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MrNumbers


Stories about: Feelings too complicated to describe, ponies

Things that have been said about MrNumbers

" I originally rated your fic an N [...] I legitimately hate it, and it made me question the purpose of existence for like three solid days. Or at least contemplate quitting the fandom."
Present Perfect

"I'm the most wonderful and sensationally brilliant man alive, and people are going to want to know about how I think you're pretty okay." -King of Beggars

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"Fuck. Oh god, fuck you, Numbers, and the metaphilosiphical horse you dare trod upon, this dark descent into the green waters of fairy's delight is too much for this mind to stand." - WolfVenom

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"People talk about how stories or stuff hits close to home. Your story invaded my home, and I came back to find its pictures where all of mine should be, and the jerk sleeping in my bed in my PJs."
DawnScroll

Latest Stories
29

Dec
31st
2023

Tradition · 3:05pm Dec 31st, 2023

This one's particular poignant. Singing this on January 1 is a twelve year tradition at this point.

So fun facts
1) Did you know you don't have to be epileptic to have seizures?
2) and if you have a seizure lasting longer than five minutes you just straight out have a 20% chance of dying in the next thirty days, apparently

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Absolutely - my rate is $20 USD per 1,000 words right now, PM me any details more about what you'd like and I'd love to see what I can do for you

Hi there! I loved your moonfic. My former partner (and now best friend) read it to me every night over the course of a few weeks. He introduced me to MLP six and a half years ago when we started dating, and has been a full-fledged brony for a long time. Princess Luna is his favorite character (she is Best Pony, according to him) and I'd like to commission a fic about her as a gift to him - and for him to read aloud, of course! Would this be possible?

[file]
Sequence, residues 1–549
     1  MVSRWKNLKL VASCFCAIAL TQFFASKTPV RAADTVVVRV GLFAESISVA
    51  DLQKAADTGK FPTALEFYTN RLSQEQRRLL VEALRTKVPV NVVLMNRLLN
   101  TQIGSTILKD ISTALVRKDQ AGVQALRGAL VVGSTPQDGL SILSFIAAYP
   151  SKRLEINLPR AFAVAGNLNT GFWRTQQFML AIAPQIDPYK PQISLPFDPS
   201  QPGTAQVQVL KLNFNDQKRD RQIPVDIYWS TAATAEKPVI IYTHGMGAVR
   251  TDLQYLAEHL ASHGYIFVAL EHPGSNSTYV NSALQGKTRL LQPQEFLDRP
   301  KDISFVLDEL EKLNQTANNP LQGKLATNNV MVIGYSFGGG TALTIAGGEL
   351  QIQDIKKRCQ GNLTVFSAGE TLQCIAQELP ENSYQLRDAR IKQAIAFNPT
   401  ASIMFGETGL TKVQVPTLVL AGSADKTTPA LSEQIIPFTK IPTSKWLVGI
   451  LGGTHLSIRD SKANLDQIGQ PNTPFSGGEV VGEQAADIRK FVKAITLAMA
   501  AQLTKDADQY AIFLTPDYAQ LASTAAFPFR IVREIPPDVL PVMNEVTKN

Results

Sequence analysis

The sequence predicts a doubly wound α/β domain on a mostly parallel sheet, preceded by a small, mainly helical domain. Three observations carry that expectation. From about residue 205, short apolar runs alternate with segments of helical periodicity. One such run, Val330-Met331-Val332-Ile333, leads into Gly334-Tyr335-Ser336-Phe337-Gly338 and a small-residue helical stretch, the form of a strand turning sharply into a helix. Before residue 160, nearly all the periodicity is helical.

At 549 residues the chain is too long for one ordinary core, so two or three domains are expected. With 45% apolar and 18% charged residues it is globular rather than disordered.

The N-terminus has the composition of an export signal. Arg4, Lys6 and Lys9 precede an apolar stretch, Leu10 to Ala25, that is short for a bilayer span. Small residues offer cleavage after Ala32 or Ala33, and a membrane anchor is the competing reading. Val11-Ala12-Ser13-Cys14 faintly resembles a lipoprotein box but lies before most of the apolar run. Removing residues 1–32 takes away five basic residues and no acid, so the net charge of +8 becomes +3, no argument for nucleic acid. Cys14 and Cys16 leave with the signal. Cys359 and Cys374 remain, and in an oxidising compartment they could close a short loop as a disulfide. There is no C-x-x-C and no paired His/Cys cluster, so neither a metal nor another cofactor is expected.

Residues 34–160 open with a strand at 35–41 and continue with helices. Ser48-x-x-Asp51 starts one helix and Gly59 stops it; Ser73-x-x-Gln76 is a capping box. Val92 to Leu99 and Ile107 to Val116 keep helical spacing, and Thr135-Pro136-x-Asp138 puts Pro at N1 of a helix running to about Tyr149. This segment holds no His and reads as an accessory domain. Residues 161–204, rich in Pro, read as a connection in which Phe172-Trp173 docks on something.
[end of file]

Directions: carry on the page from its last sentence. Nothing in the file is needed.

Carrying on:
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I began reading the transcript, but the very start of it is just... wrong. Money did not develop to track reciprocal exchange. This is not shrouded in the mists of time; we can point to specific times and places where money was invented, like China ~1000 BCE and Lydia in the 7th century BCE. AFAIK it was never done to track reciprocity. Just the opposite; it was devised to eliminate the need to track reciprocity. That's the entire purpose of currency.

(Here I use "money" to mean "coinage", which at first was pure, and valued by weight rather than by face value, and only gradually developed into fiat money, probably as a consequence of debasing.)

Reciprocity was common in "bands and tribes" (an oversimplification, but my intent here is not precise anthropology). There are many cases where tribes seem to have invented a currency, but look at them closely and you usually find the "money" is rarely or never exchanged (like Yap Rui stones), or exchanged on specific occasions according to peculiar rules, like 2 types of items exchanged in a cyclic graph, one always moving clockwise, the other counter-clockwise. Even wampum wasn't money; Puritan colonialists turned it into a currency. The reciprocity-based cultures they talk about are/were nowhere near developing what we call money, which seems to require advanced metal-working and a centralized state with a very large territory.

The typical intermediate step to coinage is currency, which is any widely-accepted barter good, including but not limited to standardized currencies, coinage, or fiat money. In some cases, like among the Yap islanders, you find a system of tracking reciprocity or at least historic exchanges (the large Rai stones, which each have a private history of ownership, but aren't physically exchanged); together with a system of currency (smaller stones), which are physically exchanged and are not used to remember earlier exchanges.